How cyclic Nature of Research is related to other characteristics of research-An Analysis
Most of the writers in the field of research firmly believe that action research is cyclic, or at least helical in structure. To view this from a different perspective, a set of somewhat similar actions may recur, in somewhat similar order, at different stages of a research. At the same time progress is made towards appropriate action and research outcomes. A widely accepted cycle is that of the influential model proposed by Kemmis and McTaggart (1988) — plan, act, watch, analyze; then, in the light of this, plan for the upcoming cycle. It is also generally held that research is participative, though writer’s views may be different on how participative it is.

It is always preferable to use participative methods even in cyclic research. Anyhow action research is not being limited to this. So, the extent of participation may vary. In some cases there may be a genuine partnership between researcher and others. The distinction between researcher and others may disappear. On certain junctures the researcher may decide for some reason to maintain an independent role. Participation may be as small as being involved as a witness. The participants, too, may opt for something less than full participation for themselves under particular situations.

Research is essentially qualitative. Some is a combination of qualitative and quantitative methodologies. Since all others are equal, numbers do provide advantages. In field settings, at times, a researcher often has to make other compromises to utilize them. Most significantly, sometimes numbers are not directly applied to certain areas of a study. If these include features of certain discipline or relevance, the option is between qualitative research and excluding important features (Kemmis and McTaggart, 1988).

In addition, developing a useful quantitative approach is often tedious and time-consuming. It may be more time-efficient to use qualitative data in cyclic approach. As discussed before, it is also advisable to be flexible and responsive to the situation if you are using quantitative methods in cyclic approach.

In short, research more often exhibits certain approaches. It can be in several cases differing in terms, cyclic, participative, qualitative and reflective.

Except the last one mentioned all other approaches are at the disposal of the researcher and other participants. In short for a, good and active research or rather for research in any forms, research where, among other features, appropriate choices are made. At times even critical reflection might be discarded for specific reasons(Kemmis and McTaggart, 1988).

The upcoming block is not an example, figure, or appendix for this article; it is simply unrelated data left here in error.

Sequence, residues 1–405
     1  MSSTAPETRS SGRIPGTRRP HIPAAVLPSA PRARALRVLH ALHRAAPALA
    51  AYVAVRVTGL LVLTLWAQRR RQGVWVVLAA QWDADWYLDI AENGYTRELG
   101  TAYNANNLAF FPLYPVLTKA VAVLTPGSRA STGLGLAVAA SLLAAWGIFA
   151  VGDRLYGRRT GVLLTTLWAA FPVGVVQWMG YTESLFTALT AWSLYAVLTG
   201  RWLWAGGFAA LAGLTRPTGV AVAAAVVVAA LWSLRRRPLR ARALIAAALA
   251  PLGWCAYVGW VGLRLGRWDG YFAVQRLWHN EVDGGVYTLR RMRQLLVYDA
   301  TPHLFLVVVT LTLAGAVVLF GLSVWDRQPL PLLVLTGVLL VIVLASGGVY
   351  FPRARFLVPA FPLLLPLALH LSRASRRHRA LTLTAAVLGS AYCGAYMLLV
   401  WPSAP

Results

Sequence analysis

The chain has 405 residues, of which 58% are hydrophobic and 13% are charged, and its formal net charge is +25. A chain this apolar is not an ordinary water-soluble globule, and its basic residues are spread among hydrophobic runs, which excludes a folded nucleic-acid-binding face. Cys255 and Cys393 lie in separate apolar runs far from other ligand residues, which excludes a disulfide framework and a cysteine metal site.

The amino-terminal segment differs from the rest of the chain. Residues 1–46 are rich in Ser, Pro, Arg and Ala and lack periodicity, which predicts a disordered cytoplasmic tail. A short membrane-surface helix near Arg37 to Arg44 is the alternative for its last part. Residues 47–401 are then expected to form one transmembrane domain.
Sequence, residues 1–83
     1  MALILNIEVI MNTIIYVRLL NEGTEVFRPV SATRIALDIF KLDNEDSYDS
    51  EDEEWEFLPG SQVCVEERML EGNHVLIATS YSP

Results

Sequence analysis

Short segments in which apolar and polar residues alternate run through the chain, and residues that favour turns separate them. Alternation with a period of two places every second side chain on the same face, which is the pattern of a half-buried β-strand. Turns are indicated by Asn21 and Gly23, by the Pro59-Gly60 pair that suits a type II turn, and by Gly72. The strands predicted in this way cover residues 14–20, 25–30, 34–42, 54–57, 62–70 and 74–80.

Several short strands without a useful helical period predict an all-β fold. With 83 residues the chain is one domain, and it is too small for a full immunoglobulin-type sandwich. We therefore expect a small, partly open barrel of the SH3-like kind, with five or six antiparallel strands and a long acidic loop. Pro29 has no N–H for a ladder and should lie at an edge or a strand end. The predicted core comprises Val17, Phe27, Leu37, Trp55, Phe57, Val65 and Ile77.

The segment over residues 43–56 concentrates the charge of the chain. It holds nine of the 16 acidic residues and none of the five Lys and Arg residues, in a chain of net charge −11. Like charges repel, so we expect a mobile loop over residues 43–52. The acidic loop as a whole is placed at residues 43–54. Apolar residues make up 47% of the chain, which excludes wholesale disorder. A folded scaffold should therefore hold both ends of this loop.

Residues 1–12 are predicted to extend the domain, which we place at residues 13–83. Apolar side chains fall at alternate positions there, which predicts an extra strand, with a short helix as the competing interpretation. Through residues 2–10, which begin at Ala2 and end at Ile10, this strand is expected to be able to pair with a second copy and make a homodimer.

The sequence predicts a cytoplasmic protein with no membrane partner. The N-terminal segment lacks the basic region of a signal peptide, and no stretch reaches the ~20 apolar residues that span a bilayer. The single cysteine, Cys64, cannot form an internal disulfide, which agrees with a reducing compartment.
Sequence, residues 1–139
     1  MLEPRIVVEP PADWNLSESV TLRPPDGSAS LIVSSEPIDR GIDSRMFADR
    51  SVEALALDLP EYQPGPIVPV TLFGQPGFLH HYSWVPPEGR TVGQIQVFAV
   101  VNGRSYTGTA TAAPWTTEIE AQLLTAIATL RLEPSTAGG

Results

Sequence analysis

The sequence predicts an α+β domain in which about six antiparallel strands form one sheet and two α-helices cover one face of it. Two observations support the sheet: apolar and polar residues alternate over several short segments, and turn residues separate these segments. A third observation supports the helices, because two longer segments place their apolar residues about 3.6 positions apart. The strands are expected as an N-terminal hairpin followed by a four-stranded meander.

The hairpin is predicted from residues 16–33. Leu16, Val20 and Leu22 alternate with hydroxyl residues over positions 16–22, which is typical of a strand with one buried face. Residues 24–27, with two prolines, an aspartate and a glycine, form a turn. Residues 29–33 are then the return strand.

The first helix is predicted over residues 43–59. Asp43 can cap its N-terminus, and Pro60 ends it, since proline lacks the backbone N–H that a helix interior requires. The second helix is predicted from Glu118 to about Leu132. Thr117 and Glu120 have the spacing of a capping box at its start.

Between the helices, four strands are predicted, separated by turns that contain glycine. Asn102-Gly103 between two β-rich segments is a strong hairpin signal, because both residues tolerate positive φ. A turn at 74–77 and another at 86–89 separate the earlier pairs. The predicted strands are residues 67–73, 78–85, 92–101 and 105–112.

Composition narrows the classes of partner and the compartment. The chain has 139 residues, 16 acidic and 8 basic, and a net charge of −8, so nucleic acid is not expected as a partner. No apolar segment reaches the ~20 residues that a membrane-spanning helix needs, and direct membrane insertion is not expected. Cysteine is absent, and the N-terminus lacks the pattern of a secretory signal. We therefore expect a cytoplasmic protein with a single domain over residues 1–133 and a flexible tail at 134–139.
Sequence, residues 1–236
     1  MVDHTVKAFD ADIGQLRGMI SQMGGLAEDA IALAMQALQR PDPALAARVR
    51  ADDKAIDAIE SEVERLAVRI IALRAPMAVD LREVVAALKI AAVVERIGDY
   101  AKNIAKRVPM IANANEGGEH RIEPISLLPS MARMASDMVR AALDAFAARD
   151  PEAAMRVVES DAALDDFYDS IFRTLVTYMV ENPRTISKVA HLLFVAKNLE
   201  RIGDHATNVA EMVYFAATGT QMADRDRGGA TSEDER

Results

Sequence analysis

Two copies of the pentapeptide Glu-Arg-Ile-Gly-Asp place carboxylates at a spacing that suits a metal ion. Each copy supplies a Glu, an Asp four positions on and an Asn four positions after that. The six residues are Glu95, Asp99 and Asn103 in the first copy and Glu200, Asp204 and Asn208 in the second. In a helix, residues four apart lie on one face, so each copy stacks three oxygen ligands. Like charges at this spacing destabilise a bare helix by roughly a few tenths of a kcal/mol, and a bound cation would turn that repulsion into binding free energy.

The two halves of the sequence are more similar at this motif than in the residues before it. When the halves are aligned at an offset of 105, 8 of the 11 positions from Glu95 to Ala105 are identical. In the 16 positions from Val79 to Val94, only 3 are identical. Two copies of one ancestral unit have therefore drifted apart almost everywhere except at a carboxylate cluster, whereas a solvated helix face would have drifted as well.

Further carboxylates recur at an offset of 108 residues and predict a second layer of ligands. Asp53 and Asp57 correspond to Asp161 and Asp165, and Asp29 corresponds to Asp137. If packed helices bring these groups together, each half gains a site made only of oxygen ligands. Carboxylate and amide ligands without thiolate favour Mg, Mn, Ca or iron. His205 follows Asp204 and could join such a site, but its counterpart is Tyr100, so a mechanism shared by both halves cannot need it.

Research is, by its default nature, cyclical; or more specifically, spiral. The research journey in most cases faithfully follows a cycle and starts simply. It consists of logical, developmental steps: A questioning researcher ponders over a particular situation and raises the question, why? What? How? (That is the subjective basis of research.) A problem may be formally stated by answering these questions. (This is the overt beginning of research.) Data are gathered that seem to bear on the problem. The data seem to point to a tentative solution of the problem. A guess is made; a hypothesis or guiding question is raised. The search for more information continues. The structure of information is analyzed and interpreted, a discovery is done; a conclusion is formed. The tentative hypothesis is either supported by the available information or is unsupported; the query is partially / fully answered or not (Kemmis and McTaggart, 1988).

The cycle is complete. At every cycle the researchers challenge the developing findings by judiciously pursuing solid evidence. The only valid justification for research methods is that they can be responsive to the situation in a way that many other research methods can not be, at least in the short term. On these basis we can conclude that research will mostly, though perhaps not often, be cyclic in nature, although all methodologies are interrelated. In the view of asperity, each cycle will consist of critical reflection. In most instances the research will mostly have a qualitative and participative approach (even though it is cyclic) up to an extent.

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